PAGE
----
DAN STEINBERG WASHINGTONPOST.COM/D.C. SPORTS BOG
Kasten Rolls Out the Red Carpet for Phillies Fans
Here are a few rules for your all-sports D.C. die-hard fan: Philly is the (metaphorical) enemy, in every sport. The invasion of fans from rival cities is an inevitable plague best left unmentioned. And the active courting of visiting fans is craven betrayal of the grandest hope, which is normalcy.
Stan Kasten is still a relative newcomer to Washington, and maybe he hasn't learned the rules. Kasten is brilliant in many ways, but if you're representing D.C. sports you can't -- CANNOT -- open your arms wide in a fuzzy embrace of visiting Philly fans. You might as well just take the D.C. off your caps.
Kasten was on the "Jody Mac and Harry Mayes Show" yesterday, the midday sports radio program of ESPN-950 AM in Philadelphia, and he turned the segment into an advertisement for next week's home series with the Phillies. Good tickets, apparently, are still available. The first question was about the Nats' roster, and unprompted, Kasten ended with this:
"I think Philly's our best, closest National League rival," he said. "We always have great games with them here, because there's so many Philly kids in college here. So we always have great, enthusiastic crowds, and we hope you all come back again. We have an Opening Day here Monday, we'd love for all our Philly fans to come down, because I know it's gonna be so hard to get tickets in Philadelphia this year. It'll be much easier if you drive down the road and come see us in Washington."
No, Stan, no. Stop now. Hang up the phone. Tell them you just realized you have a lunch appointment. Tell them you need to go watch a MASN rebroadcast.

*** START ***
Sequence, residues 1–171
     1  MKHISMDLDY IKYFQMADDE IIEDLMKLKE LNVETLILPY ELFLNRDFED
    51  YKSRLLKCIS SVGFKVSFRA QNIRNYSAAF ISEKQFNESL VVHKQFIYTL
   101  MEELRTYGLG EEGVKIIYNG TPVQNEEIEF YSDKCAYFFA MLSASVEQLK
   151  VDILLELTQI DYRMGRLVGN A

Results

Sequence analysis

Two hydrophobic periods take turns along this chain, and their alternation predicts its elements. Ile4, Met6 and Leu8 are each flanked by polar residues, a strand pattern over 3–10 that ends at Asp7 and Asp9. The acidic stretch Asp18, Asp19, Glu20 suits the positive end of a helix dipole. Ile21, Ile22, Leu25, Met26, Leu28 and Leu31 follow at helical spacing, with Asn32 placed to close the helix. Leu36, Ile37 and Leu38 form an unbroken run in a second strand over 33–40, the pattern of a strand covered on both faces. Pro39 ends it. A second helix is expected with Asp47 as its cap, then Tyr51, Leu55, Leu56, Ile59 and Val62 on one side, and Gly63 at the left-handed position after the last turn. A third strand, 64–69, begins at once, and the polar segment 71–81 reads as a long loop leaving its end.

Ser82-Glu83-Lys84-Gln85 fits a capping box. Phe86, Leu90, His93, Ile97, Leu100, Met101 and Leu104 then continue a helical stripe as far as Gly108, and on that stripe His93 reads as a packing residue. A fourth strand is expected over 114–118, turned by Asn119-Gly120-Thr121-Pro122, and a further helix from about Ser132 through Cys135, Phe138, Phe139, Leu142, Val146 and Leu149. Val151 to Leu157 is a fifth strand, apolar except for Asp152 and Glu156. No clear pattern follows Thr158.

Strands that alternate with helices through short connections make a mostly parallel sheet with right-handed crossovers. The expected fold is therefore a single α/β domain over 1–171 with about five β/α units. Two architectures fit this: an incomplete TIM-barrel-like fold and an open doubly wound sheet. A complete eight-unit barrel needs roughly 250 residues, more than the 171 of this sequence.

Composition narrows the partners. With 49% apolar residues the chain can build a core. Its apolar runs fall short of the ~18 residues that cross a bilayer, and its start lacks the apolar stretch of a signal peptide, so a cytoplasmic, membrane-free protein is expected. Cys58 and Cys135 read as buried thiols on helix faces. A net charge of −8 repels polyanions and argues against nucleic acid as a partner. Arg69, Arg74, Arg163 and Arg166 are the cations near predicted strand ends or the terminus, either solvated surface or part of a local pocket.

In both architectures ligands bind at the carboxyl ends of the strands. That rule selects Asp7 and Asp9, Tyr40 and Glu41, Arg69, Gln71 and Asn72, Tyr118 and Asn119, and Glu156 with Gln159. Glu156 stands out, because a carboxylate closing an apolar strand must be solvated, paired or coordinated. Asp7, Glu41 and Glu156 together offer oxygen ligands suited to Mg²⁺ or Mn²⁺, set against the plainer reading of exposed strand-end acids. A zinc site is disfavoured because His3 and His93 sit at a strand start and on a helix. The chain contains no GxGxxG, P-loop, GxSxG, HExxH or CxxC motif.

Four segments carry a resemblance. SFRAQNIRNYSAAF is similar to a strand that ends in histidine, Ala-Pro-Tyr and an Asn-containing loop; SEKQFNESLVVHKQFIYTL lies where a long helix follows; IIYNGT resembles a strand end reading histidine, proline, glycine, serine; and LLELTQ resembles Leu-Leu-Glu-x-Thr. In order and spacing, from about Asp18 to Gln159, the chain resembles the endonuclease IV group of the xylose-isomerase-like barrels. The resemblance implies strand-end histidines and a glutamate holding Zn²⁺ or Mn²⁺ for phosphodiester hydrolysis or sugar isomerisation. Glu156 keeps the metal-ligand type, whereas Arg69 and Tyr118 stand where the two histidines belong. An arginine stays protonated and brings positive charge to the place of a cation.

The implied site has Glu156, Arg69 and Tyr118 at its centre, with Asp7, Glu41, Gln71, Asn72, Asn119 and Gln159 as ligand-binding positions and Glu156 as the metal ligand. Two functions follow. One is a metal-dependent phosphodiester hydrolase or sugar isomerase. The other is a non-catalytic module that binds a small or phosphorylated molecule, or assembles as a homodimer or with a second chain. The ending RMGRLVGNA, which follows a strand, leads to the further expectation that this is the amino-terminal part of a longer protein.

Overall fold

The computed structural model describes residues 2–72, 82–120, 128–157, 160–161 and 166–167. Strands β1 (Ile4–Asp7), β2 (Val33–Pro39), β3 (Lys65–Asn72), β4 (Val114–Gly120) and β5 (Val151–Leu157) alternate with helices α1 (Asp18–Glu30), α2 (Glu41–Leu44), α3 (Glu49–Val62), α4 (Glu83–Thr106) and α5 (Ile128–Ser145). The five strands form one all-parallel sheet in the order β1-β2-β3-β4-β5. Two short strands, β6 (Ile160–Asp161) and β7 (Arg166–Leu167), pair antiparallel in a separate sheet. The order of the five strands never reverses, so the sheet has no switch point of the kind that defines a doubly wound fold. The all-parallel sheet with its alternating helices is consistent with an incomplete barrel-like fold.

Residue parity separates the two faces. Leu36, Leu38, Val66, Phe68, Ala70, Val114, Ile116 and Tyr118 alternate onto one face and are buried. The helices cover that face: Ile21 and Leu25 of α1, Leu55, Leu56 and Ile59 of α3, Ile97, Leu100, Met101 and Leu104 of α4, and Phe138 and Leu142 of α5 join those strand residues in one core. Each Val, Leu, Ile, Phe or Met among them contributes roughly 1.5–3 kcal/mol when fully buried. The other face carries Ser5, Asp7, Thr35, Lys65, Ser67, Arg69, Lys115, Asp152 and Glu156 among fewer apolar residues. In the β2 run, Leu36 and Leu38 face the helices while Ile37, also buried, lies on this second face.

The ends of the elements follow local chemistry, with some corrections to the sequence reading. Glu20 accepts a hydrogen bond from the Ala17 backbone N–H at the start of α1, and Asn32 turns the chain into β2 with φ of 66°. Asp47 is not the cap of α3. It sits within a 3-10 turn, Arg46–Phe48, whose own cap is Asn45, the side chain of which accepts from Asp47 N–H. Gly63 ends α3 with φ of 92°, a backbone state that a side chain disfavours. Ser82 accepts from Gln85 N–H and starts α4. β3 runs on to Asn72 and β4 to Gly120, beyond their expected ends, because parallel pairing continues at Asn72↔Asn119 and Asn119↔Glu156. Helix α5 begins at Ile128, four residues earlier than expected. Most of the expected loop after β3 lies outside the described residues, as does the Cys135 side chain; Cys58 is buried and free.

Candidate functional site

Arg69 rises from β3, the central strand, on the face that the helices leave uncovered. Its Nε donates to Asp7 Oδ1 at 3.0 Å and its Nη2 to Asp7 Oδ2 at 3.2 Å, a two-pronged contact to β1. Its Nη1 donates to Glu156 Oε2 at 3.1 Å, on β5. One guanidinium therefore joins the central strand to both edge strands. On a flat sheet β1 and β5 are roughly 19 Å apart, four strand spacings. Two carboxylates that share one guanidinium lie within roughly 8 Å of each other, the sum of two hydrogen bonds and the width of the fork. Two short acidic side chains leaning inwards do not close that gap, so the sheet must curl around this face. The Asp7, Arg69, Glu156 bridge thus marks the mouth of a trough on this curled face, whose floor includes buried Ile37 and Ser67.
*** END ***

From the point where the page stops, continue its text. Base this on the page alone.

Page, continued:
"No, we want to play you, we want to see you here, and we would welcome your fans here," he said later, when the hosts joked about avoiding this improving Nats ballclub. "And I've got to tell you, I have gone to enough games in three different sports in Philly to tell you that I haven't always felt welcome in your parks, okay? But you can root for whoever you want, you will be welcome when you come to Nationals Park."
Look, rational D.C. fans don't want hostile conditions for visiting fans, but they don't want their faces rubbed in it, either. They don't want to be shamed.
"Hey, you've got an Opening Day hat!" Kasten said, when asked about any giveaways on Monday. "It's a Nats hat, which is okay, but we do feature for sale many Philly hats in our store, so come on by."
Okay, that's not being tone-deaf, that's deliberately going out of your way to play everything in E-flat when you're living in a D-major city.
To be fair, there was one moment of sanity, when Kasten said exactly the right thing. "Well, first of all, the aggravating thing for me is the last few years, the Philly games, it feels like a damn Philly home game," he said. "Now building teams go through that -- road teams attract more customers than you would like as the team is building. The better we get, that's gonna turn over quickly, and it'll quickly become a lot more Nats fans."
That's what you say. That it's a sad inevitability, and that we'll grin and bear it, and that we want it to change. But please, don't encourage them. Civic pride is more important than filling a few empty seats.